Adam Hall, James Neal

Big Game James: James Neal gives Penguins 3-1 series lead with double OT winner against Lightning

Penguins fans have been hurting to see James Neal struggle so much of late with Pittsburgh. Before tonight’s Game 4 against Tampa Bay, the last time Neal scored a goal was March 8 against Buffalo. Since then he’s epitomized the term “snake bitten” when it comes to generating offense. They often say the one way to cure your ills as a goal scorer is to just throw anything at the net.

Neal took that advice at 3:38 of the second overtime and ripped a shot from the half boards that somehow found a way to get by Dwayne Roloson to give the Penguins a 3-2 win in the game and a 3-1 lead in the best-of-seven series. The goal was Neal’s first career playoff goal.

For Roloson, the goal was a cruel twist of fate after making 50 saves in a losing effort. A goalie can’t do much more than that to help his team win a game but you have to get more out of your teammates and Roloson didn’t have that. The Penguins did their damage in regulation with grinders Tyler Kennedy and Arron Asham scoring to put the Pens up 2-0 but the Lightning whittled away. Martin St. Louis scored in the second period while Sean Bergenheim tied the game up late in the third to send it to overtime.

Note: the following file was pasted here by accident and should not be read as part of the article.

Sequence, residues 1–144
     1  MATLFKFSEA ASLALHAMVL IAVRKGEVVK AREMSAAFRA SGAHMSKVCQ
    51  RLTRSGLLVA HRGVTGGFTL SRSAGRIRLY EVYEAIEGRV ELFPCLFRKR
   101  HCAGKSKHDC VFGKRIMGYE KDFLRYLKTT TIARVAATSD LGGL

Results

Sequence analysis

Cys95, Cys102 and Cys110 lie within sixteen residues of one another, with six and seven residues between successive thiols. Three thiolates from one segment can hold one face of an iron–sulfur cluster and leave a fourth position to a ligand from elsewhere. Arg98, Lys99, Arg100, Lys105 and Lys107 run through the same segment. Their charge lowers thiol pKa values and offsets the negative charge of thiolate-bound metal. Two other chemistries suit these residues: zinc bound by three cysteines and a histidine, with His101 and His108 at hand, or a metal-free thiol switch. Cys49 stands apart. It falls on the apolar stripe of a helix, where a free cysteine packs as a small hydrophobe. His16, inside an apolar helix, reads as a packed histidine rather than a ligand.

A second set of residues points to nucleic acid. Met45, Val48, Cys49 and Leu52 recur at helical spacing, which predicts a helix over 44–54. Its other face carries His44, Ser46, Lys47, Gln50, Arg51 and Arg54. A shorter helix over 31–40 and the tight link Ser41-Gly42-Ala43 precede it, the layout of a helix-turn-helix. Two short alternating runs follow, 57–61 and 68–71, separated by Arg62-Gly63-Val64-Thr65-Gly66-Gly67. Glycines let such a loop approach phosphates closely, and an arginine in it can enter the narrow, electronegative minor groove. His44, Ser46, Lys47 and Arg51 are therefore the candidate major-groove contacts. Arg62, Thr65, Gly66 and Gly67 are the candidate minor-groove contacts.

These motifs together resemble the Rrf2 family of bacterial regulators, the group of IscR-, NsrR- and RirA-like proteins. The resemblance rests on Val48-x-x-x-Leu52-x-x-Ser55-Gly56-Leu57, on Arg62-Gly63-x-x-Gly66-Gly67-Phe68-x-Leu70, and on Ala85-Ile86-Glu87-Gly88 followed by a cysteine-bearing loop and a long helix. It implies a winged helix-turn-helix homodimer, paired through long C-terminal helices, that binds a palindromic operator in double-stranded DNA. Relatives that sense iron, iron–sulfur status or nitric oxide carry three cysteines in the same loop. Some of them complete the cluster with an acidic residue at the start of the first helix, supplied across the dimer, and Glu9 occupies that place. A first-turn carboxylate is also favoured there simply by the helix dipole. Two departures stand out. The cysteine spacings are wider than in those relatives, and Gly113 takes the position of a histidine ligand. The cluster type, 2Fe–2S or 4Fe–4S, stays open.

For Pittsburgh the win sends them back home with a chance to end the series and put the Penguins into the conference semifinals. It’s a highly enviable position for them to be in and unless the Lightning can find a way to get through the Penguins defense and generate more offense, they’re in big trouble. Marc-Andre Fleury only had to make 29 saves tonight through 83 minutes worth of game. That kind of offense won’t cut it.